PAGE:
You could use a list comprehension as other answers have suggested, but to make it truly faster I would suggest using a `set`

for the set of indices you want removed.

```
>>> myList = ['a','b','c','d']
>>> toRemove = set([0,2])
>>> [x for i,x in enumerate(myList) if i not in toRemove]
['b', 'd']
```

Checking every element in myList against every element in toRemove is O(n*m) (where n is the length of myList and m is the length of toRemove). If you use a `set`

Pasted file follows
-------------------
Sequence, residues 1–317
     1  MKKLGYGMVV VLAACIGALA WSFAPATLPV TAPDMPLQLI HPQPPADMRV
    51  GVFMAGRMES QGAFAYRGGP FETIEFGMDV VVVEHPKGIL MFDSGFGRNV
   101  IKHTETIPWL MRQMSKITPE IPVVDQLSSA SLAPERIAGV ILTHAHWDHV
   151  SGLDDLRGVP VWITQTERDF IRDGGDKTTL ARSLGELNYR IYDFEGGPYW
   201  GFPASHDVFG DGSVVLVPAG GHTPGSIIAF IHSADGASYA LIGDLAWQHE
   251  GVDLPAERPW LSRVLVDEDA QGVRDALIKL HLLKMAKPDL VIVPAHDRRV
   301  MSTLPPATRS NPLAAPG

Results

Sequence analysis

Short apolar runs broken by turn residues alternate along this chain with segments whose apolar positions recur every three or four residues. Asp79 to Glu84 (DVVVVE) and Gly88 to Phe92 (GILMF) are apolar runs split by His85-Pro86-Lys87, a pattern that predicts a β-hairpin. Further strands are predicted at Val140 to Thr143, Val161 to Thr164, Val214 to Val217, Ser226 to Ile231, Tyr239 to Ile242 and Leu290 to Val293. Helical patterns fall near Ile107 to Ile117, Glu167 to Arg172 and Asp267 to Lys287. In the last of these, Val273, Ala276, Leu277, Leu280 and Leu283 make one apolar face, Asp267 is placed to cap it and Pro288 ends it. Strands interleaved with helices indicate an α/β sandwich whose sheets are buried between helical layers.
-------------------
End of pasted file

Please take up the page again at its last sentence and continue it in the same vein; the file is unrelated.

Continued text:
, checking for membership is O(1), so the whole procedure becomes O(n). Keep in mind though, the difference in speed will not be noticeable unless toRemove is really big (say more than a thousand).

`'d'`

). – delnan Jun 7 '12 at 22:14`toRemove.reverse`

so the first element to be removed is on index 2 and I do then remove the element on index 0. This works only when the`toRemove`

list is sorted. – Youcha Jun 7 '12 at 22:31